Moto Z2 Force

Price: Rs 34,999 
Rating: 8/10

Moto’s made the most convincing argument for modularity with its Moto Mods accessories and with the Z2 Force it gives Mods the flagship companion they deserve. Without a doubt, the Z2 Force is a capable smartphone and ticks most of the boxes you’d expect at this price. Its extra durability is a big plus.

The design is familiar, which is to be expected since Moto Mod compatibility constrains how much Moto can tinker with the general design, but it’s significantly slimmer and lighter than previous Z series phones. But now it’s far tougher, and how! There’s 7,000 series aluminium on the rear, and the sharp, bright QuadHD Super AMOLED display is shatter-proof, which means it won’t shatter or crack when dropped, even on hard flooring (trust me, I tried!). The flagship internals — Snapdragon 835 + 6GB of RAM — coupled with an almost stock build of Android Oreo make the whole experience snappy, and Moto’s handy software add-ons are, as always, a masterclass in restraint. The seemingly tiny 2,730mAh battery lasts a day of use (colour me surprised!) and the bundled TurboPower Mod boosts the battery to 6,220mAh, or about two full days of use. Camera results are impressive, even in low/artificial light.

It’s 2018, so the Z2 Force feels dated in this age of size-zero bezels, thanks to the thick borders above and below the screen. It lacks a headphone jack which featured in the slimmer Z2 Play. And while it may be shatter-proof,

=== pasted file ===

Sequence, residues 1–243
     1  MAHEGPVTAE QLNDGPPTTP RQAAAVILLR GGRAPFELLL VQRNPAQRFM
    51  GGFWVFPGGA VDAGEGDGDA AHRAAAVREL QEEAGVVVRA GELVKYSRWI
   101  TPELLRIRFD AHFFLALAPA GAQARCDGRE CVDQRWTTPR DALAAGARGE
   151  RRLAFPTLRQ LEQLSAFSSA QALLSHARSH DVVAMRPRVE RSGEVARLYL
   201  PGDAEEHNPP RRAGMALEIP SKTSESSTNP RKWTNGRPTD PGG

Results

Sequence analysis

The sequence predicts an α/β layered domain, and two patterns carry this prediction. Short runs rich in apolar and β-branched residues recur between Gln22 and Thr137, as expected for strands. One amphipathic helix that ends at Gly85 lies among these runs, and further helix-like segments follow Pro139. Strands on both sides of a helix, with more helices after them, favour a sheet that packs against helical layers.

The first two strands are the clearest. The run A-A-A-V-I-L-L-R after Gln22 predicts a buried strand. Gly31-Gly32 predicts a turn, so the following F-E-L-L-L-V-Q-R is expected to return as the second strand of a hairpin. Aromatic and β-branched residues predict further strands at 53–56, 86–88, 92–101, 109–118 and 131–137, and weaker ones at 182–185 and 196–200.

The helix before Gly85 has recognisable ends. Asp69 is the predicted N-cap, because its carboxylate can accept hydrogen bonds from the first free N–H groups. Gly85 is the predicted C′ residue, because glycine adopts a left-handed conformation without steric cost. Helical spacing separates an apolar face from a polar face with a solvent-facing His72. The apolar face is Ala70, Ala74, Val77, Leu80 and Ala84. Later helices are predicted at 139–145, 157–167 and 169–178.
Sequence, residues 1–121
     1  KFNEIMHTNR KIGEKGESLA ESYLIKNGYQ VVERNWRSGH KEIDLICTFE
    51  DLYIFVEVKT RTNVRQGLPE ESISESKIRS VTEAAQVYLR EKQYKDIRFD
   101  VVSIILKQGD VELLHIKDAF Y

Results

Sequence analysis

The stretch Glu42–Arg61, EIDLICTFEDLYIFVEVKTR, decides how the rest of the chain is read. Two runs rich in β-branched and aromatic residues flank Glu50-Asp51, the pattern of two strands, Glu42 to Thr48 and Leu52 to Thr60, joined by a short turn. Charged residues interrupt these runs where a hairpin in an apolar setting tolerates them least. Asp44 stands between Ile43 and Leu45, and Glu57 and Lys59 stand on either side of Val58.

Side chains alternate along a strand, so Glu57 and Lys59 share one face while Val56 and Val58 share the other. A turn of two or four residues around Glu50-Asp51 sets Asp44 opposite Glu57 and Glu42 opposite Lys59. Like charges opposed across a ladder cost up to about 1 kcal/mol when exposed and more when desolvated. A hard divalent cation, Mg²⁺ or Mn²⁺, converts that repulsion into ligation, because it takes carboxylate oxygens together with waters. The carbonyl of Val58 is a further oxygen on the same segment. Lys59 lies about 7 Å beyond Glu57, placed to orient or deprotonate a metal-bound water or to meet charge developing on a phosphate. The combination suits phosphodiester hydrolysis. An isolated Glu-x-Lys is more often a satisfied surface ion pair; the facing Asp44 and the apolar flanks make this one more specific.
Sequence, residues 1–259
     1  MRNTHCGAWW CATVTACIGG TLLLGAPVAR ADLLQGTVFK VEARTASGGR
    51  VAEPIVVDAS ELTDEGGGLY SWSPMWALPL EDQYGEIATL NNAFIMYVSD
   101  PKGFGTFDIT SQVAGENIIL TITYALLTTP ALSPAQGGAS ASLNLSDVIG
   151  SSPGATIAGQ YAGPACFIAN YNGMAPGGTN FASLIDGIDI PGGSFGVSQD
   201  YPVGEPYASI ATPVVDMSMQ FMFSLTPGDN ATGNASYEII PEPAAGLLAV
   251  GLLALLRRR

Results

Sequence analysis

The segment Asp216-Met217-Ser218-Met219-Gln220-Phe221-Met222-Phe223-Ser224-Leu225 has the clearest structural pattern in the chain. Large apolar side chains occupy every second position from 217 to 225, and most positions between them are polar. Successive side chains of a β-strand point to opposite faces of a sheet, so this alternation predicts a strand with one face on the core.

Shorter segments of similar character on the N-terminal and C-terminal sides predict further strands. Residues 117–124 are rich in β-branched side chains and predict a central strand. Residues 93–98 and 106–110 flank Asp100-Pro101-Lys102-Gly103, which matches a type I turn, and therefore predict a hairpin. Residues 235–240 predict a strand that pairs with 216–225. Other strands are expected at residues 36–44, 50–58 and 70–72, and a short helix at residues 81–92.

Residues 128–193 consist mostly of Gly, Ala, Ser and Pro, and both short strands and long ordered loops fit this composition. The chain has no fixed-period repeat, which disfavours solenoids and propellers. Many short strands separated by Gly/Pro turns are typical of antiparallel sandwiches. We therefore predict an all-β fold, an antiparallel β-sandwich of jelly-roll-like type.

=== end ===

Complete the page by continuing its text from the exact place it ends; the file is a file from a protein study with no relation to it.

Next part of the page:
the display scratches easily.

Honor 9 Lite

Price: Rs 10,999/Rs 14,999 
Rating: 7/10

Dual cameras aren’t passe, if the Honor 9 Lite is anything to go by. With dual shooters with 13-megapixel + 
2-megapixel sensors both front and rear, the Honor 9 Lite brings the goods in the budget segment but faces stiff competition from the new Redmi Note 5 duo.

It’s a slick design, reminiscent of some of the Honor’s flagships from the past, but with all that glass front and rear, it’s far too slippery for comfort. The 5.65-inch Full-HD+ display sports the newer 18:9 aspect ratio and is adequately bright, even outdoors. In terms of specs, the Honor 9 Lite punches above its weight with the mid-range Kirin 659 processor with 3/32GB and 4/64GB variants. The two-camera setup on the front and rear calculates depth and applies a pleasing soft blur effect, and there’s even the variable aperture feature which allows you to shift the focal point of your photos after they have been shot. While the selfies are good, the rear camera throws up dull colours and noise ever so often. It allows handy gesture control and has a rear fingerprint sensor as well.

The 9 Lite ships with Android 8 Oreo, though it’s all but hidden under the feature-heavy EMUI 8 skin, which tends to lag occasionally. Battery life is average.

Tushar Kanwar is a tech columnist and commentator. Follow him on Twitter @2shar. Mail your tech queries to t2onsunday@abp.in